We now live in a time when people are more judgmental of looks and when beauty is based on the color of the skin or the perfection of facial features.
The transformation of social media phenomenon Marlou Arizala to Xander Ford left many Filipinos in awe over the works and wonders of cosmetic surgery. It also revealed a deep-seated desire amongst many Filipinos to be socially accepted as far as physical looks is concerned.
Our longing for acceptance has historical roots. For over three and a half centuries of colonial rule in the Philippines, physical appearance was commonly used as a gauge of one's position in society. This meant that one is on a higher social pedestal if your features are comparable with either the Spaniards or the Americans.
Over time, the influences of media and advertising have solidified our image and concept of beauty. Influential blocs have capitalized on pre-conceived notions of beauty by providing services and products in the market that often associate fair complexion and straight hair with being beautiful.
We now live in a time when people are more judgmental of looks and when beauty is based on the color of the skin or the perfection of facial features. Sometimes, though, we also see silver linings as success stories are told by Filipinos who refuse to be swayed by the trend of "undergoing the knife" just to please superficial members of society.
Filipinos with natural looks, oft-characterized by brown complexions and low wide noses, are laden with an abundance of talent. Our country has naturally talented and skilled sports figures, entertainers, entrepreneurs, and professionals around the world. Notably, their passport to success is not beauty but skill and ability.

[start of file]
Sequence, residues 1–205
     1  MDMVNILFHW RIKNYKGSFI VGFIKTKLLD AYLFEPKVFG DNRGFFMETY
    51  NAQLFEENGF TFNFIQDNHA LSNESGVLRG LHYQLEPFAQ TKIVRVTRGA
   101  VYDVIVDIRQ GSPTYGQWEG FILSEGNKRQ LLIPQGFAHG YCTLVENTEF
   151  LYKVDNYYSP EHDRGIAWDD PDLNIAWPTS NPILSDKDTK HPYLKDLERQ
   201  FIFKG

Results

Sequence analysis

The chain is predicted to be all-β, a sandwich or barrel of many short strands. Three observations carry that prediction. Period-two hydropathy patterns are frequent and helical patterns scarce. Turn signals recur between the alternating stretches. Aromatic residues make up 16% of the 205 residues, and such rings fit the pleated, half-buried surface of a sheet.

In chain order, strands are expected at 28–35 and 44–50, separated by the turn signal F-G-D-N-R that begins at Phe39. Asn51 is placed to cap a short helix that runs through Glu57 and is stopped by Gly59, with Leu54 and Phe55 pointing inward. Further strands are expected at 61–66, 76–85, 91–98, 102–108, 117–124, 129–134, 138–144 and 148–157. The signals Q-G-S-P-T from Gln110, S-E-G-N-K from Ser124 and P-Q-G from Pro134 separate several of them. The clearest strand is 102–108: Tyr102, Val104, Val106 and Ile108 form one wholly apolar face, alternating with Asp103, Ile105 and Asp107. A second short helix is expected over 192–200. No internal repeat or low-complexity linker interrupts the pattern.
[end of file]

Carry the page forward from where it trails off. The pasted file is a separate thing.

Vice Ganda gained national prominence because of his natural ability to make people laugh. Throngs of crowds pile up in cinemas not for his pretty looks but for his comic antics that send people falling off their seats. Although he may have undergone cosmetic enhancements after, his claim to fame remains to be his comedic talent.
Efren Bata Reyes competed in several billiard competitions and didn't need to wear false teeth to arguably become the Greatest Billiard Player in history. It was his sharp eyes and steady hands that allowed him to perform the most difficult safety and trick shots ever seen in the sport. He considered his toothlessness to be his lucky charm.
Sadly, many Filipinos remain fixated with a skin-deep notion of beauty, while overlooking skill, talent, manners, character, and ability. Many Filipinos even focus on improving appearance through cosmetic enhancements rather than their skills and abilities.
Our society continues to lose appreciation for genuine beauty when it chooses to ride the waves of colonialism and modernization. The sad part about it is that society will not change its concept of beauty overnight. It will continuously define standards of beauty based on superficial considerations and external influences. Advancements in cosmetic surgery will flourish as the demand continues to rise. In the process, many people are bound to get caught up with looking good instead of being good.
Against this phenomenon, it is crucial for us to be reminded to reflect on the true beauty of our humanity. Our ability to maximize the talent given us and to choose to do good define our true value as human beings. Accepting our imperfections and using our God-given talents, not cosmetic enhancements, can give us peace of mind and genuine happiness.